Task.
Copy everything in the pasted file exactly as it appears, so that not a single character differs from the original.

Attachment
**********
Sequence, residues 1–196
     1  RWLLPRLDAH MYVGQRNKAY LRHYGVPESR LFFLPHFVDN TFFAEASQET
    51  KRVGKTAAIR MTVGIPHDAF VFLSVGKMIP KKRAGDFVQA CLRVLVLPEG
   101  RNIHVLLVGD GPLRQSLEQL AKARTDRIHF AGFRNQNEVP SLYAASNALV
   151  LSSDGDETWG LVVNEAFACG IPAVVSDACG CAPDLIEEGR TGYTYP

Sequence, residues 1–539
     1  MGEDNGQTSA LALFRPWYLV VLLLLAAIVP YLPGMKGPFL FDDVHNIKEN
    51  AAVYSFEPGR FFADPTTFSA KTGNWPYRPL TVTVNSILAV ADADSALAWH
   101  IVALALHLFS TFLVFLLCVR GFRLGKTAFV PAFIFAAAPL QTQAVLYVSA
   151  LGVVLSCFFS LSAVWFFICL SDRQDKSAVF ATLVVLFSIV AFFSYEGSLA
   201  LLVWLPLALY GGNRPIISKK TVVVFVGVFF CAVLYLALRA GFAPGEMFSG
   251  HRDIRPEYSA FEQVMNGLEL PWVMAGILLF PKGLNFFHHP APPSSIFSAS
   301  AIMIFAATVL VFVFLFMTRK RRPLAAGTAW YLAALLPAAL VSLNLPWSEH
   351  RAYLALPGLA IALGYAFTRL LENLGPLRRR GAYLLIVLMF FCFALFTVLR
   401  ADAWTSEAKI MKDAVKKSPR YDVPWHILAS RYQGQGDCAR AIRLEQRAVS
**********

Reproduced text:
Sequence, residues 1–196
     1  RWLLPRLDAH MYVGQRNKAY LRHYGVPESR LFFLPHFVDN TFFAEASQET
    51  KRVGKTAAIR MTVGIPHDAF VFLSVGKMIP KKRAGDFVQA CLRVLVLPEG
   101  RNIHVLLVGD GPLRQSLEQL AKARTDRIHF AGFRNQNEVP SLYAASNALV
   151  LSSDGDETWG LVVNEAFACG IPAVVSDACG CAPDLIEEGR TGYTYP

Sequence, residues 1–539
     1  MGEDNGQTSA LALFRPWYLV VLLLLAAIVP YLPGMKGPFL FDDVHNIKEN
    51  AAVYSFEPGR FFADPTTFSA KTGNWPYRPL TVTVNSILAV ADADSALAWH
   101  IVALALHLFS TFLVFLLCVR GFRLGKTAFV PAFIFAAAPL QTQAVLYVSA
   151  LGVVLSCFFS LSAVWFFICL SDRQDKSAVF ATLVVLFSIV AFFSYEGSLA
   201  LLVWLPLALY GGNRPIISKK TVVVFVGVFF CAVLYLALRA GFAPGEMFSG
   251  HRDIRPEYSA FEQVMNGLEL PWVMAGILLF PKGLNFFHHP APPSSIFSAS
   301  AIMIFAATVL VFVFLFMTRK RRPLAAGTAW YLAALLPAAL VSLNLPWSEH
   351  RAYLALPGLA IALGYAFTRL LENLGPLRRR GAYLLIVLMF FCFALFTVLR
   401  ADAWTSEAKI MKDAVKKSPR YDVPWHILAS RYQGQGDCAR AIRLEQRAVS